is numbered zero, it consists of one word, and that word is in brackets. The
      word is [Jesus]. Nice try. We are supposed to imagine a difficultly readable
      papyrus fragment of the title page of an early edition of Q. But it remains
      true that if you follow the usual rules for deriving Q, John the Baptist is
      where Q starts. And if Q starts with John the Baptist, it is not a Jesus
      sayings gospel.

      If the JtB matter in Mt/Lk is part of those authors' plan to validate and
      interpret the death of Jesus, and if their versions can be shown to be
      progressive advances over the same device as used in more rudimentary form
      in Mk, a demonstration which should present no particular difficulties, then
      there would be a substantial challenge to that part of the basis for Q.

      Those two arguments might be interesting. But the big question is how they
      should be embodied. It is notorious in my field that, when hypotheses
      compete, the winner isn't necessarily the one with the best logic, it is the
      one with the best apparatus. Of three reconstructions of ancient Chinese
      phonology, two have good arguments, and the third has a dictionary in which
      you can look up the reconstructed pronunciation of every single word. Of
      course the third wins; the rank and file don't want arguments, they want
      answers, and it is the rank and file who have all the votes. The guy with
      the dictionary is best equipped to give them answers, and that is as far as
      the argument goes.

      Doubtless NT is more civilized than that, but *how much* more?

      It might thus in theory be useful, in support of the mere logic of the case,
      if there could issue commentaries on all four Gospels, composed from a
      consistently non-Q point of view, and accounting for every passage in all
      four texts on other, and consistent, grounds. An introductory volume (or
      long essay, if the first gospel to be treated happened to be Mark), setting
      forth the general situation, and giving a history of Jesus and of Christian
      doctrine, would nicely complete the group. Then there would be, out there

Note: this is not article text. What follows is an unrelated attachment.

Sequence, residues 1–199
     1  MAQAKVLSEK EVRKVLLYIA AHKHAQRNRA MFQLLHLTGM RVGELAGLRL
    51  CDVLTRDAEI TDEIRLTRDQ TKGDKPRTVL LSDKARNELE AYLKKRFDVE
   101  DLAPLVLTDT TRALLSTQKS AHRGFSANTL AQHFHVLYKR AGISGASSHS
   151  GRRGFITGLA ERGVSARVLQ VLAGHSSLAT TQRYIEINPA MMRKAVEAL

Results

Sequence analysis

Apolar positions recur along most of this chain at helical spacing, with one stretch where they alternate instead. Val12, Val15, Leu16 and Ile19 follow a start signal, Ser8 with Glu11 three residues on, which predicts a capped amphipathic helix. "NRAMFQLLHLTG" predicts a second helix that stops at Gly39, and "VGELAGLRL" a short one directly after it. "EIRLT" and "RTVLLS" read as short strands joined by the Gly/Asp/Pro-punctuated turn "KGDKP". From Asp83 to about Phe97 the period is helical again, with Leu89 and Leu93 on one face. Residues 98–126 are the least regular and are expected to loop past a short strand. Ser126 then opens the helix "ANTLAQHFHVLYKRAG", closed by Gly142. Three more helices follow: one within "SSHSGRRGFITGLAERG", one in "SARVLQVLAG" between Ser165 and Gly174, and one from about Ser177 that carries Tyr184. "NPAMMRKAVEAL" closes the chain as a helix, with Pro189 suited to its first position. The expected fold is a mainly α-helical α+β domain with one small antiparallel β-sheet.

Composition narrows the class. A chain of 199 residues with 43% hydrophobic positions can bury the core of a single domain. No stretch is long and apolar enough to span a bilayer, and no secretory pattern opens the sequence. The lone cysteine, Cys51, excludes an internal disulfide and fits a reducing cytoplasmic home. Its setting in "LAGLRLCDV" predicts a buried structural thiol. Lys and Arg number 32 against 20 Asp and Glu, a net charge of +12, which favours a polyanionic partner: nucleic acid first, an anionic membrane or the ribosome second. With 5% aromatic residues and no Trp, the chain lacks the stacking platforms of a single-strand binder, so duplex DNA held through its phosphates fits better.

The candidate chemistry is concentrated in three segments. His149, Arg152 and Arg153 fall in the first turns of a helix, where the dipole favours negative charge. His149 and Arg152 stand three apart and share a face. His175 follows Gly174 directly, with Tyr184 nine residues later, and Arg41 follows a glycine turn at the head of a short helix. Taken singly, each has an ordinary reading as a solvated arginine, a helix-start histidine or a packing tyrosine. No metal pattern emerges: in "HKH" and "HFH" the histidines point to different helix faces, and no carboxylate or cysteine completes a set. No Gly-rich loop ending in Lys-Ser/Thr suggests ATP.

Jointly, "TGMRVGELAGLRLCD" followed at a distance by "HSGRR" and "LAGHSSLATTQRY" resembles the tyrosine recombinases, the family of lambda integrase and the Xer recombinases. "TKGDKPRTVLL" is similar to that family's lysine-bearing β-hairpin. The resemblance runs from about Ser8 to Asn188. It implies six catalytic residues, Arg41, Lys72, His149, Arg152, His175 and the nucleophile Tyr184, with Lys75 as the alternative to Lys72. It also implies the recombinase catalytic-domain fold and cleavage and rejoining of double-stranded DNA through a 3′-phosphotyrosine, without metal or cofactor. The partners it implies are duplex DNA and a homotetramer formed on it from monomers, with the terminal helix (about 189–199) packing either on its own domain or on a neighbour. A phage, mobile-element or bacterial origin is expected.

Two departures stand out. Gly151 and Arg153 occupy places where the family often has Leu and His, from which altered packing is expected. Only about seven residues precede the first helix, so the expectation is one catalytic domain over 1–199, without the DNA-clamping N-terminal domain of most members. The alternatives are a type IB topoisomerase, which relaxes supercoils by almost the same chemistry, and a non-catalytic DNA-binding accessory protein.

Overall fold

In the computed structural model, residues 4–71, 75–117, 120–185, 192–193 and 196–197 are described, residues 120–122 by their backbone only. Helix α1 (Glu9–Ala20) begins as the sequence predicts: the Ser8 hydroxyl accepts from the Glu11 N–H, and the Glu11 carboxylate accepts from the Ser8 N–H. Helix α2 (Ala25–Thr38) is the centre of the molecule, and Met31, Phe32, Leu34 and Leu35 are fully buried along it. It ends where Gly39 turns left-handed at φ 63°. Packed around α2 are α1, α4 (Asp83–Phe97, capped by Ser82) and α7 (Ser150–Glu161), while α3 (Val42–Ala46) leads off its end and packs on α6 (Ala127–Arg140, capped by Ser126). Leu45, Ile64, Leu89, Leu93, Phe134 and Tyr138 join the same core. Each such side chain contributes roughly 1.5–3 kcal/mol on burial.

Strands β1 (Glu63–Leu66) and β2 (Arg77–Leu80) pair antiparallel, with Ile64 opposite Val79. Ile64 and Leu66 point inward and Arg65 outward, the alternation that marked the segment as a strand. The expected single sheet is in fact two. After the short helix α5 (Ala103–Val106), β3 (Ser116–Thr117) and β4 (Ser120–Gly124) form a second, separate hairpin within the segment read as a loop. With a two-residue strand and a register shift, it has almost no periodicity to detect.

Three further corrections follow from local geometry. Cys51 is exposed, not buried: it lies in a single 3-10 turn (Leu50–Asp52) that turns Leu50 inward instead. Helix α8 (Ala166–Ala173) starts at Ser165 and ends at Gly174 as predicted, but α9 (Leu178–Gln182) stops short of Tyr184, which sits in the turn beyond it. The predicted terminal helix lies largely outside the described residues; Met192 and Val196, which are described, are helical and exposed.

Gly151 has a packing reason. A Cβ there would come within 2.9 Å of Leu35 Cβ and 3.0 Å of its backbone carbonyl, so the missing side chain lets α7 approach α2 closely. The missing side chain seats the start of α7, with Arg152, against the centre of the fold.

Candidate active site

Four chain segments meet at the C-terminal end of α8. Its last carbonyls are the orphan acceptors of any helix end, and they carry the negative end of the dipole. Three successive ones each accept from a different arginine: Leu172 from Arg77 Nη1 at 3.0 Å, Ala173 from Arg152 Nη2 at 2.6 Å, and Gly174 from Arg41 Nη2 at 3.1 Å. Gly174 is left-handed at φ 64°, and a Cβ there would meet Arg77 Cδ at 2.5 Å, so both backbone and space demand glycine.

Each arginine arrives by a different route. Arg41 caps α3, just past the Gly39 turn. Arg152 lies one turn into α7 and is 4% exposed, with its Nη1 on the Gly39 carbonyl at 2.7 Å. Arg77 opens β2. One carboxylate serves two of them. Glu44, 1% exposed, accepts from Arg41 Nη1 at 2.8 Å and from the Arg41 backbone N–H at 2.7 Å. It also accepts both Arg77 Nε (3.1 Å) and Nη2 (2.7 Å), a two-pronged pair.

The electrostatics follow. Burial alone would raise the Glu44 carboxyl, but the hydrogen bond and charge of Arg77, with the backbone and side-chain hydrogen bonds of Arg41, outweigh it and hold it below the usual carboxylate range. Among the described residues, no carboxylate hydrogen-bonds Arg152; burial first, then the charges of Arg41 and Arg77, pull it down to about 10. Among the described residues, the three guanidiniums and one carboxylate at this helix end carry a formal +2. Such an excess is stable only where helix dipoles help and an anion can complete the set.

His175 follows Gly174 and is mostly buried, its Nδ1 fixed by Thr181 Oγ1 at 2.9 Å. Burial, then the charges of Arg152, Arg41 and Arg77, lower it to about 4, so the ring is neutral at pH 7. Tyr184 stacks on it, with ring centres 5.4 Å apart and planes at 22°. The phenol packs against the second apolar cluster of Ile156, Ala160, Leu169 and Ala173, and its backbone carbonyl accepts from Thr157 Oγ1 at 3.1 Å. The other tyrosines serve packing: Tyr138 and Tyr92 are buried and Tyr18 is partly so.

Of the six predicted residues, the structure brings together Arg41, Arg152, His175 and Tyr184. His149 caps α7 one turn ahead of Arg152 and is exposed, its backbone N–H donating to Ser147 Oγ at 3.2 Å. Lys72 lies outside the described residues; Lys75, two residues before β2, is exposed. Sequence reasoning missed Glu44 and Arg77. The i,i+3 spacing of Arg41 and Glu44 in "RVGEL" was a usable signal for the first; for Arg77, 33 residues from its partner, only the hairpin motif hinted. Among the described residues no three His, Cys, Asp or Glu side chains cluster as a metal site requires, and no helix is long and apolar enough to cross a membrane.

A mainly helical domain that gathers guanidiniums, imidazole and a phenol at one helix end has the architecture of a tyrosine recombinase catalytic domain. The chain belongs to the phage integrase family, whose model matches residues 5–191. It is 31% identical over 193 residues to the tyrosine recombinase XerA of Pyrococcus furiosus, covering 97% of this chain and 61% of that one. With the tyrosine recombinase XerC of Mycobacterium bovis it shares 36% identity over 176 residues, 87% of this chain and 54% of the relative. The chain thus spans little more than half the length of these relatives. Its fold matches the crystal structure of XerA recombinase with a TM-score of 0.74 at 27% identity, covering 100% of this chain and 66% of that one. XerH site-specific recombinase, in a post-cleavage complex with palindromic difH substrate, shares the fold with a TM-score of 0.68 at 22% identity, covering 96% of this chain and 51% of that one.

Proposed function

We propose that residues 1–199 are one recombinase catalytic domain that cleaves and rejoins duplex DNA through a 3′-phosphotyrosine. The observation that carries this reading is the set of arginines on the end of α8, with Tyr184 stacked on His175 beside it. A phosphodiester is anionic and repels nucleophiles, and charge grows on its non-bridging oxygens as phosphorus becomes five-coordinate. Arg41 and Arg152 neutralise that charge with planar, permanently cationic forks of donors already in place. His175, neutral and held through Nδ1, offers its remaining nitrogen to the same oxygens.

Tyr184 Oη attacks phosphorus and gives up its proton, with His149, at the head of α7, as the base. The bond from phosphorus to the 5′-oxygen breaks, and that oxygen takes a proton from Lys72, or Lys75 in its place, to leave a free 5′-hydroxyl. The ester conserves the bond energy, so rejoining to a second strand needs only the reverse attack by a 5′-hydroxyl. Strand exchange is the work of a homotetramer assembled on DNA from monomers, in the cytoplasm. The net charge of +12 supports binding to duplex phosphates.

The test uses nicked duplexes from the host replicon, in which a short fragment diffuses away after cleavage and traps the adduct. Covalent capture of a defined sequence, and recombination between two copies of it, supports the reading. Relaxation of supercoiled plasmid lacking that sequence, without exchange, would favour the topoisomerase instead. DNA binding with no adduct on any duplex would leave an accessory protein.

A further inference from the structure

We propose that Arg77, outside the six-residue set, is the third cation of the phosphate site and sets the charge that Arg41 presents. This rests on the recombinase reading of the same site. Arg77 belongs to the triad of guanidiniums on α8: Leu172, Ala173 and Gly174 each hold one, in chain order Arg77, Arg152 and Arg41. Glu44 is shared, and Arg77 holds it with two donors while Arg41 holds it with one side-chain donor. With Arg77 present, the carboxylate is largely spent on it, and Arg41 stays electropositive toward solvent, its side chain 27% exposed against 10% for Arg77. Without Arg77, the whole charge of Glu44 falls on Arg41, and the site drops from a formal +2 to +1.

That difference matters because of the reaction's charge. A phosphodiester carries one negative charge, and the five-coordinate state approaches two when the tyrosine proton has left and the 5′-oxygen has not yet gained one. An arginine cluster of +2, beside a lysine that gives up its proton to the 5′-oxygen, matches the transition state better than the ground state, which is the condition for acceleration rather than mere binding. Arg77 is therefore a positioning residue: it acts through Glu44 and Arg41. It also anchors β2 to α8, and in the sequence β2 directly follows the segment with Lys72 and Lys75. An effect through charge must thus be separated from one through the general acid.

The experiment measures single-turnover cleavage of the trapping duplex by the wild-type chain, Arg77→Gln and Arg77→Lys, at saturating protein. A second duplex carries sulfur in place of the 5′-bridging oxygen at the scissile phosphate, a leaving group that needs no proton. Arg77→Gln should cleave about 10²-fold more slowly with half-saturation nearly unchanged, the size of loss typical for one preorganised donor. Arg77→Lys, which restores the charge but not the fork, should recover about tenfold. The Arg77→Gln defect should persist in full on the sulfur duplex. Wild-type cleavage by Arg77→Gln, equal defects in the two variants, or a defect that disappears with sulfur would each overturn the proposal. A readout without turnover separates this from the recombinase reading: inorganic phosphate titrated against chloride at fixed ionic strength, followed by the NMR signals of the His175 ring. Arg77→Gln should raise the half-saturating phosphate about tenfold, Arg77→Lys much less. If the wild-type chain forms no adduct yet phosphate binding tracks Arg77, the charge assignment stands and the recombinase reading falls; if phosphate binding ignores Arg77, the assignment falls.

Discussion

and available, a *physical* and not merely an ideational alternative to the
      many and beguiling copies of Q that are presently for sale.

      The trouble is that no publisher would undertake it, knowing that its
      probable sale would be 26 copies, less 22 returns. But in theory, that would
      be the way to go. Q has California money, and non-Q needs at least a
      blue-haired lady, a Jacqueline Piatigorsky of the higher chess, to eliminate
      the dollar sign from what might be the indicated best strategy. I hasten to
      add that I don't know of any such person, and if I did, I would be sending
      her different (if analogous) proposals from the other end of the continent.
      The bright spot is that the amount in question is within the means of any
      comfortably well off person, always assuming that the authors will as usual
      work for free, and will supply fully edited copy without cost to the

      Still, when all is written and sold, the bottom line is likely to be that
      there are, oh, maybe four more people at the bar where the non-Q folk gather
      of a weekend to drown their frustrations in a tall glass of something or
      other. My suspicion is that argument, even with legible print and nice
      margins, avails little against those who really need only excuses, and to
      whom argument is merely a risk and an irritation.

      And consider, would it really be seemly to win the Q argument? What would a
      world without Q really be like, for those for whom Q now fills a need?
      Wouldn't it be like a sickbed where someone's aged mother is being consoled
      by tales from Luke, only to have her strident nephew burst in with
      steel-rimmed spectacles askew and necktie aflutter, to announce "Yes, but if
      you consider the evidence of P78 . . ."

      No, it would be inconceivably gauche, and likely to be condemned by all
      right-feeling persons. Best to make do with the present tavern scene, and
      merely lift a second glass in lieu of more company.

      Regretfully suggested,


      E Bruce Brooks
      Warring States Project
      University of Massachusetts at Amherst